Zambians paying with their lives to elect their leaders


Elections in Africa are not child’s play, if you run out of luck; you pay with your own life. This is true of Zambia’s Mapenzi Chibulu, an 18-year-old female opposition activist shot dead by those meant to protect her.

On  9 July, in broad daylight, and a month before she was expected to join millions of others to choose the next president, she lost her life. It forced the electoral body, the Electoral Commission of Zambia, to suspend campaigns for ten days in Zambia’s capital city, Lusaka.

[Read More: Zambia elections body halts campaigning in capital over violence]


As if the economic turmoil was not enough, the copper producing country has done little to allay fears of investors that would help lure the much needed investment in a country that has struggled to diversify from mining.

The country, celebrating 52 years this year, is burning as incumbent President Edgar Lungu, who has been in power for a year is battling to stop opposition leader, Hichilema Hakainde, from wresting power.

The two will face each other in a watershed election on the 11th August. Whatever the outcome, this election will be heavily contested and whoever loses will claim electoral fraud.

“For 50 years our nation has lived with peace, stability and freedom. There is no place for this type of violence in our society. I take a firm stance against any sort of violence in our democracy,” President Lungu said in a statement.

To his opponents, his words are hollow as they have come with a heavy price paid by Chibulu’s life.

Political analysts say the electoral landscape has been marked by skirmishes between supporters of the ruling Patriotic Front (PF) of Lungu and the opposition United Party for National Development (UPND) led by Hichilema.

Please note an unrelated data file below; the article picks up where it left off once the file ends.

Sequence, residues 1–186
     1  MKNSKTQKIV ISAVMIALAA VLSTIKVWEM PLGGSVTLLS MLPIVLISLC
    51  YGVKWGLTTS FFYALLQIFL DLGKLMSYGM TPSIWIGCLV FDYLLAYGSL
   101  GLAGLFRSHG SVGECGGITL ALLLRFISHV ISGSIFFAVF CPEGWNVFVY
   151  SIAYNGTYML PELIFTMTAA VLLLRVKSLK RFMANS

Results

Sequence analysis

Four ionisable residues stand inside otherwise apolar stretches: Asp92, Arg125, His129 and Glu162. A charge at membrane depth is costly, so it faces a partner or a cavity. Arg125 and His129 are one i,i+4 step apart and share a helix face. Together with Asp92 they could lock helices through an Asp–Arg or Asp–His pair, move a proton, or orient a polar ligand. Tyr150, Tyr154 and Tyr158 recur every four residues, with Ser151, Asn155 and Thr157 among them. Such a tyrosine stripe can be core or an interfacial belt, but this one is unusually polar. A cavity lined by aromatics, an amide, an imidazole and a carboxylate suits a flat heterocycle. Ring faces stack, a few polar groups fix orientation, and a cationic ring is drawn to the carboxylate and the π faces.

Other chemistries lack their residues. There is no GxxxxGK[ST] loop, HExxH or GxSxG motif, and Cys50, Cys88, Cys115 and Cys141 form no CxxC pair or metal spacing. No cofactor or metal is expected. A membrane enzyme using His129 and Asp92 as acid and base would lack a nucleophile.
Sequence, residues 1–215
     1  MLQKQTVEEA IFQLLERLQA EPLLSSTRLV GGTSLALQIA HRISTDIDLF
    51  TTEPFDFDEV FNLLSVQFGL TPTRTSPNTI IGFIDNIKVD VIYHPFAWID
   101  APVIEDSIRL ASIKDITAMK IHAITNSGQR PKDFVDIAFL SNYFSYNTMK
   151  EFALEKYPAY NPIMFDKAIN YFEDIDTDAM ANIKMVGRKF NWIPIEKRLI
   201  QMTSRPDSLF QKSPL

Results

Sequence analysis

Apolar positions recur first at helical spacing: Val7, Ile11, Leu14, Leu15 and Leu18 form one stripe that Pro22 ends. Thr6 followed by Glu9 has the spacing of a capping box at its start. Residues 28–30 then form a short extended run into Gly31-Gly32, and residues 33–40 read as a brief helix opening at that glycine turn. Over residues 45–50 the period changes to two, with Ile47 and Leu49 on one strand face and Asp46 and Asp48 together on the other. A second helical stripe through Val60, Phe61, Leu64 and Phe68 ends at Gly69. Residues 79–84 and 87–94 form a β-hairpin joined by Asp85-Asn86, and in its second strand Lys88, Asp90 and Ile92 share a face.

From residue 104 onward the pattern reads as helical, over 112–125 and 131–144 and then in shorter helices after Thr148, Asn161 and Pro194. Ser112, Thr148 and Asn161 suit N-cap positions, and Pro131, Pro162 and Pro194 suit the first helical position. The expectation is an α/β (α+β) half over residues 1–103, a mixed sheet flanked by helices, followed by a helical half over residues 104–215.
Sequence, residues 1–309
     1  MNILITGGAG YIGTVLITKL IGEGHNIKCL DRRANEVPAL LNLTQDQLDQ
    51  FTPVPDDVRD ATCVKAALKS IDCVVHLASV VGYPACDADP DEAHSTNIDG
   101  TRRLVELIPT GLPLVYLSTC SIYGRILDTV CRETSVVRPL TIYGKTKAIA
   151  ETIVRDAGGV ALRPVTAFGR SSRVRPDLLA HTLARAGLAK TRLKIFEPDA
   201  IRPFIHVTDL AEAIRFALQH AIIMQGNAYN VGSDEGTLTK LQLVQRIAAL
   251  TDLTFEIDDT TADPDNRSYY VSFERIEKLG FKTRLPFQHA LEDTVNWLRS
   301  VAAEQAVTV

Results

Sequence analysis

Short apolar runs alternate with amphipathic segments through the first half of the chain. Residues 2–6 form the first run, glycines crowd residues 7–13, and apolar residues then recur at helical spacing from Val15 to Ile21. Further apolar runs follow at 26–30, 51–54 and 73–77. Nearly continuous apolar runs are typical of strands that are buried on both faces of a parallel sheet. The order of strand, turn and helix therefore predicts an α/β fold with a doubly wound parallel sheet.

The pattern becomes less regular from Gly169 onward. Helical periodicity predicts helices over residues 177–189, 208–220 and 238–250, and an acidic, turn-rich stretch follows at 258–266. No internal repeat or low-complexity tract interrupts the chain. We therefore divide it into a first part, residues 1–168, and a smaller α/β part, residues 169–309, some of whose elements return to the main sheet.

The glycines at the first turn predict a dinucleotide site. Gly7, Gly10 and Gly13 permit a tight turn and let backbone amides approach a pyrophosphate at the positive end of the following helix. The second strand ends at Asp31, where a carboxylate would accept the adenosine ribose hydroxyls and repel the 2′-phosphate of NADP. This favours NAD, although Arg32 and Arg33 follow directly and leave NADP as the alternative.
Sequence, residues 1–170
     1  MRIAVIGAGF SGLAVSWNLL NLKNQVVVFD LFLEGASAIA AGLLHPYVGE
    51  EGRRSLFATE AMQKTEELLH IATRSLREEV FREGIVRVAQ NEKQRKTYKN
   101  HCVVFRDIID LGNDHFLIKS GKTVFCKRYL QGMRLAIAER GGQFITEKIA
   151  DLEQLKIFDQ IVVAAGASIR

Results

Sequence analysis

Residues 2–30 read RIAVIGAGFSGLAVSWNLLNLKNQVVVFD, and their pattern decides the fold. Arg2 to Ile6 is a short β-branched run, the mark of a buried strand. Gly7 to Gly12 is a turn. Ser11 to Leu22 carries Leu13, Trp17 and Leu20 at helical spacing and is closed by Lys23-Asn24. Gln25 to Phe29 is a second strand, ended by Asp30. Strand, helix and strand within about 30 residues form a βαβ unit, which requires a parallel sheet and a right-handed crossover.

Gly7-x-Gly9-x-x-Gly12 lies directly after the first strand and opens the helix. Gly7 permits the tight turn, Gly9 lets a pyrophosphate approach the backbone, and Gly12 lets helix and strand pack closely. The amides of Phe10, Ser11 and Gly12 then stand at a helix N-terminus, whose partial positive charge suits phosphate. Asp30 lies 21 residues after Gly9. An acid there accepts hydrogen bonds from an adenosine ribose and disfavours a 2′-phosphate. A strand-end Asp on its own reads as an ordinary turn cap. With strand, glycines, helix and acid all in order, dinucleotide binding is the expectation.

“This comes as no surprise and we have been warning for months now that the political climate in Zambia was not conducive to free and fair elections and that the country risked losing its democratic reputation it authorities allowed this to continue,” Gary van Staden, Senior Political Analyst at NKC African Economists said.

“While the decision to suspend campaigning is a negative development it at least provides some breathing space for authorities and political parties to put in place concrete measures to help take off the pressure that has been building over months now and threatens the credibility of the poll. The suspension of campaigning is the lesser of two evils but it remains an evil and any attempt to extend the suspensions will be unacceptable.”

While the election will pass, the challenges facing Zambia are set to remain long after elections. Economists warn that politicians should not worsen the damage.

Herryman Moono, an economist from Economists Association of Zambia said, the unfolding political developments marred by political violence and perceived interference by government on private media houses, particularly the closure of the Post Newspapers – had created political tension.

“The excessive use of force by the Zambia Police who are on record of cancelling opposition party rallies and recently the use of live ammunition leading to the killing of an opposition party supported while injuring others is raising concerns about the security of the nation as we approach elections,” he says.

“These developments are creating anxiety among the local and international community. Should these continue, Zambia will slowly be perceived as a ‘risky’ investment destination which has a strong and negative bearing on foreign direct investment in the short to medium term. An elevated risk profile arising from electoral violence can easily lead to subdued economic growth as investments – both local and international – dwindle.”

Moono added that, beyond the negative international reputation the country is gaining as a low grade investment destination, the Zambian currency would, in the midst of electoral crisis be negatively impacted.